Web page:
India is the second-most unequal economy in the world after Russia, according to a 2017 Oxfam report An Economy For The 99%. More sobering is the fact that even the people we might consider to be middle class in India are really quite poor.

According to a study by Pew Research Center, even though India’s poverty rate fell from 35% in 2001 to 20% in 2011, the population that could be considered middle income saw only a marginal increase, going from about 1% to just 3%. This means that instead of a swelling middle class, India saw a movement of its population from poor to low-income* earners.

The study pointed out that, “these were people hovering closer to $2 than $10 in daily income, and thus still away from the transition to middle-income status.” At that income threshold, a large proportion of Indians are at the edge of the global poverty line, possibly only one economic or health shock away from slipping back into poverty.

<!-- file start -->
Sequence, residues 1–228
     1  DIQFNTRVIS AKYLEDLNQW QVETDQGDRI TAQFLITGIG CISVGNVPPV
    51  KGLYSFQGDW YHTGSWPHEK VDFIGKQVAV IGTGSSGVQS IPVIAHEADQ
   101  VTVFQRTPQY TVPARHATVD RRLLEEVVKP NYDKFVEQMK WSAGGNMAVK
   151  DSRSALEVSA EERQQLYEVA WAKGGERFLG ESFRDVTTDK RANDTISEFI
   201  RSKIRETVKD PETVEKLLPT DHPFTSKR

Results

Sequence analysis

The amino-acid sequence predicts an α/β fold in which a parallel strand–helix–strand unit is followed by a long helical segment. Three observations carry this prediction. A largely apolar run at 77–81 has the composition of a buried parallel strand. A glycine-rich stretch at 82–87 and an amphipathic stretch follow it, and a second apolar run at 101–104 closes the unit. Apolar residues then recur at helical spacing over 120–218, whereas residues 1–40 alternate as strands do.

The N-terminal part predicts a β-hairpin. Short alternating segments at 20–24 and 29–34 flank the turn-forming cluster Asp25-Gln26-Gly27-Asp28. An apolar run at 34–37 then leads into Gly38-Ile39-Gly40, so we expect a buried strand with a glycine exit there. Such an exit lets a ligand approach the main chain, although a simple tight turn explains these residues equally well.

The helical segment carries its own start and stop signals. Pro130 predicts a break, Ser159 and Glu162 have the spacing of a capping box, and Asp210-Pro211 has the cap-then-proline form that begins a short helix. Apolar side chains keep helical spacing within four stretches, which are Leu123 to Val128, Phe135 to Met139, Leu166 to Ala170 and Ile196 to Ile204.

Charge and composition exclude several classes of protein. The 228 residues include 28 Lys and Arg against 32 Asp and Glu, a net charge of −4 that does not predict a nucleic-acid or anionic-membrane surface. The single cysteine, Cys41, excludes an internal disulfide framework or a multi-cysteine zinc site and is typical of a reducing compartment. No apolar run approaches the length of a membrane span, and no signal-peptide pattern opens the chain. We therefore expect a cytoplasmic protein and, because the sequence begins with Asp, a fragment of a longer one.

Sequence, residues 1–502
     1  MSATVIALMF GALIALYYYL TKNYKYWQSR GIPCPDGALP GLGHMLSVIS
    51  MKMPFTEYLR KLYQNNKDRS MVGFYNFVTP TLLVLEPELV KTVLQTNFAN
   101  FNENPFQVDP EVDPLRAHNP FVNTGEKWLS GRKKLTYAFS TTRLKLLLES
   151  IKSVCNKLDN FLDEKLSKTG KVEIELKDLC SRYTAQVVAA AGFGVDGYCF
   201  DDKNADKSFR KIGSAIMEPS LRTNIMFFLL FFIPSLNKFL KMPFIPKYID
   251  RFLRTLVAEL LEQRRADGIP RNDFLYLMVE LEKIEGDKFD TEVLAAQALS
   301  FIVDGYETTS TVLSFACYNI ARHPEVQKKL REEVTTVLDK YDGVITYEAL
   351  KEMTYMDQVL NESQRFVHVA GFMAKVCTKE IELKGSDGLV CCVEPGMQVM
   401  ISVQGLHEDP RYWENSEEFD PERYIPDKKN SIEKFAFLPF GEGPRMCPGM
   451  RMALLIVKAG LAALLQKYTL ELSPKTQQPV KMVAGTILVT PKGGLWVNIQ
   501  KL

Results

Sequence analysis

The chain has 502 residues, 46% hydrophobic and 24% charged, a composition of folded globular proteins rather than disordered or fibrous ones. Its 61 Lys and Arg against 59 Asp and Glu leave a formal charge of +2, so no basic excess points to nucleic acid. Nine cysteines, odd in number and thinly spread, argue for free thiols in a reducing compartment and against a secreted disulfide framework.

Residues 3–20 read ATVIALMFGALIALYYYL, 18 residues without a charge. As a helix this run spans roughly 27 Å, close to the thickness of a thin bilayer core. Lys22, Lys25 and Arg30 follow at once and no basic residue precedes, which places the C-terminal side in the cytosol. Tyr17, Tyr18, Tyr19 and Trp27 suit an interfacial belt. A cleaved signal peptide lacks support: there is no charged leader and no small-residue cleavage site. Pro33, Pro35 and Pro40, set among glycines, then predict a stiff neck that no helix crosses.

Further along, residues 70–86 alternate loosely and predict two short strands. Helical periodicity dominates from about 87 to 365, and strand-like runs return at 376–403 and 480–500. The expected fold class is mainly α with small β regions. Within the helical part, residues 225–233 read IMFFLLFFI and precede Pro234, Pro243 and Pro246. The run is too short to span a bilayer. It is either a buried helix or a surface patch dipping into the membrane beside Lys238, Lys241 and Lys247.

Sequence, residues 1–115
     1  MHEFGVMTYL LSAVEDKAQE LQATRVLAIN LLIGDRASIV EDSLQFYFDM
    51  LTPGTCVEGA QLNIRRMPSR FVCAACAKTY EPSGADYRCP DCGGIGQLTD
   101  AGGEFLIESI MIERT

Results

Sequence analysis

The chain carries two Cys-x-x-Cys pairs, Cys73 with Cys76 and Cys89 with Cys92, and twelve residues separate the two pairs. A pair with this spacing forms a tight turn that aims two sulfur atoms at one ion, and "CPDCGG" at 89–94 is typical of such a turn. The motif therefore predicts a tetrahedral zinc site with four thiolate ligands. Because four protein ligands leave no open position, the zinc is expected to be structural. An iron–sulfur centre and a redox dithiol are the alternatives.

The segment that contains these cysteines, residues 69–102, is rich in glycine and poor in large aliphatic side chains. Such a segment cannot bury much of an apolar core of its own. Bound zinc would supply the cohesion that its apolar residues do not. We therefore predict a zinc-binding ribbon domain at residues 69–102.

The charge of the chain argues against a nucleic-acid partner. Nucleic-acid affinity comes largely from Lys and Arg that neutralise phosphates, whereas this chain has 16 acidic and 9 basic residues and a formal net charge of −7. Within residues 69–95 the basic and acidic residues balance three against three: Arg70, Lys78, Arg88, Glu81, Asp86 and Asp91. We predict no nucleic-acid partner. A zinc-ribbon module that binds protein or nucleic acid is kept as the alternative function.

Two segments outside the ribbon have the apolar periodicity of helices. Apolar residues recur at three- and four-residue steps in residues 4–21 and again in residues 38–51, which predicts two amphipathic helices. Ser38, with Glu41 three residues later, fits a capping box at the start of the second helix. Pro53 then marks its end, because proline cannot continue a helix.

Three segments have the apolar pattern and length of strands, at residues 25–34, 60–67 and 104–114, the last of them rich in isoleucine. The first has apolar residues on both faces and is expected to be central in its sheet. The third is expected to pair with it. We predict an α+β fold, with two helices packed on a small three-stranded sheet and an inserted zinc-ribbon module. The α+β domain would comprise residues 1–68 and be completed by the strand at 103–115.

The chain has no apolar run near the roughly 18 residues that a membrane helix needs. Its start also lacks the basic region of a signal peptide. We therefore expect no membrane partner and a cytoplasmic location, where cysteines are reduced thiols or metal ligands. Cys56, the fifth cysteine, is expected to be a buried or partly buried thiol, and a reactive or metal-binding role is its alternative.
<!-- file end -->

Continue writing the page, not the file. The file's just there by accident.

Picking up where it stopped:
Where our efforts must lie

Given the sheer size of the problem, it would be infeasible for India to address this problem through transfers of wealth from the tiny sliver of high- and middle-income people (3% of the population) to the poor and low-income (97%). The focus of the effort must instead lie in improving the environmental constraints that keep people in poverty and strengthening the enablers that can allow them to take charge of their own lives. Some of these enablers would include access to good healthcare and associated financial protection, basic financial services, good pre-school education and nutrition support services, and agricultural productivity services. However, strengthening these enablers, while eminently feasible, will not be easy.

Let us take healthcare for mothers and babies as an example.

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